What are your values? What is most important in your life? Our influencers should be people that embody our own values and/or respect the values that you have made a priority in your life. Many people believe different things and I am a firm believer that it takes all kinds of kinds in this world. The important thing is that you feel respected and supported in your values and beliefs.
Do you feel energized or drained after being around them? For quite some time I believed that I owed my friends something. I believed that I needed to be there for them when they needed me… but what happens when they always need you? I am talking about those life-sucking relationships where things are always one-sided, the one’s where you walk away from the conversation drained and the other person has a pep to their step. These relationships need to be examined often.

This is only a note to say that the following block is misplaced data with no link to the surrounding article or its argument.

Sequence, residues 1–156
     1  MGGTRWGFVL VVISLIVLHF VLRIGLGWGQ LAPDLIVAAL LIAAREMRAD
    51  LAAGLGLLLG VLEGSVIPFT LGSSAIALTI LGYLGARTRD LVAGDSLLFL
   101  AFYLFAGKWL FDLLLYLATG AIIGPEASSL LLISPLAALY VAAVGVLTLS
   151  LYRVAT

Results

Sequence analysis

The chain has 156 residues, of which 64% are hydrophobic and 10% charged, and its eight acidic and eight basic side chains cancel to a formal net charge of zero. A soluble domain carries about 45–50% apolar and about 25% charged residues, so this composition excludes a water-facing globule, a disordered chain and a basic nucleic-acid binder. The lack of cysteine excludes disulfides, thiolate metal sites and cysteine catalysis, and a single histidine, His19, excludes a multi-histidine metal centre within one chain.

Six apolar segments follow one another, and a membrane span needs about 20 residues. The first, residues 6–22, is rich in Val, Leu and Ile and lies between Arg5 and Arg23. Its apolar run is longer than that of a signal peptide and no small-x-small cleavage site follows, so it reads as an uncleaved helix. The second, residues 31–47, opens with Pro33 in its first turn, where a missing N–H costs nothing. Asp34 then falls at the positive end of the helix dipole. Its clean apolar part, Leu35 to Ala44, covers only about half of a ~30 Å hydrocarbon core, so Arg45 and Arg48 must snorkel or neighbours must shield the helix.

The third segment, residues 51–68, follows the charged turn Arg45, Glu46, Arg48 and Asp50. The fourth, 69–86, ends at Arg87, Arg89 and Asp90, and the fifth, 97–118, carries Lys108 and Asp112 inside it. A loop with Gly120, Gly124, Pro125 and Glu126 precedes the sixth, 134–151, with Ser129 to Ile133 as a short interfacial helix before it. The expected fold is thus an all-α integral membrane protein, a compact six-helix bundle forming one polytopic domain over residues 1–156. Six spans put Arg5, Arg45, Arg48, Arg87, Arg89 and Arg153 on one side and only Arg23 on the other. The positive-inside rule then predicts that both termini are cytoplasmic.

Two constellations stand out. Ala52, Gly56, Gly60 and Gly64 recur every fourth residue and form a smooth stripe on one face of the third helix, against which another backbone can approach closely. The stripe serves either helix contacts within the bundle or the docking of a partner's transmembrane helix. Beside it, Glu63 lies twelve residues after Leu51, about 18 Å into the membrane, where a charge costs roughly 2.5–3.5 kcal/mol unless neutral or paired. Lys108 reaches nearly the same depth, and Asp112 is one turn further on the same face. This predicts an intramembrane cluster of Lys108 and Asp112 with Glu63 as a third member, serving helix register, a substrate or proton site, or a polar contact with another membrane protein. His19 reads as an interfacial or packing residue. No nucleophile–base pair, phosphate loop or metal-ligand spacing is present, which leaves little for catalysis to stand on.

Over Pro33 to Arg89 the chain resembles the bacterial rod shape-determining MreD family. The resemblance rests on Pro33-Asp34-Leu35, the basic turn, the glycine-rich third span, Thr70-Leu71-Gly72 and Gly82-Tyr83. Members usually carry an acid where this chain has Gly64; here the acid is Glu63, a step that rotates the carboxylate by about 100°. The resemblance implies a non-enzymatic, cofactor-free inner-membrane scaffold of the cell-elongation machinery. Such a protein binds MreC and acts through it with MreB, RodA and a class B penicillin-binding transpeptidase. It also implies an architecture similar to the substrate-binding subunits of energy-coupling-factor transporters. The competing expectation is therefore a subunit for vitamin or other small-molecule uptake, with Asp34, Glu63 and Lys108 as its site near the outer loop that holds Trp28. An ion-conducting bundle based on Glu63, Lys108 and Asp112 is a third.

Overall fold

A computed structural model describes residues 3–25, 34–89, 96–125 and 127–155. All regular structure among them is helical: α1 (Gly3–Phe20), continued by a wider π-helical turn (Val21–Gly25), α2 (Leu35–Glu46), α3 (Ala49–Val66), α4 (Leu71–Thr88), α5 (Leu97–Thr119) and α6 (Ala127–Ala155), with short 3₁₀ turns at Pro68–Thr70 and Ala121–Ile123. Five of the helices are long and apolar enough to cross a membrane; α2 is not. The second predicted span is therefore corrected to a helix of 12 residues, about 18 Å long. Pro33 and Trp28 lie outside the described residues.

Do they inspire you to be better? Maybe this looks like a little bit of envy… not the bad kind, but they are doing things that you want to do and maybe they have things that you want to have. Aspiring to reach goals is normal, as long as comparison doesn’t become a regular feeling. Say it with me: Comparison is the death of joy. You cannot compare yourself to anyone in life because it will always be apples to oranges!
Do you feel pleasant after encountering them? This one may seem obvious, but I cannot tell you how many people follow friends/acquaintances/family members on social media and are annoyed by everything thing they post. If you are constantly annoyed by someone or just outright jealous… block them, unfollow them, do whatever you need to do because they are bringing you down and they don’t have to know you don’t want to see it! If the person annoys you, don’t seek them out… it really is that easy.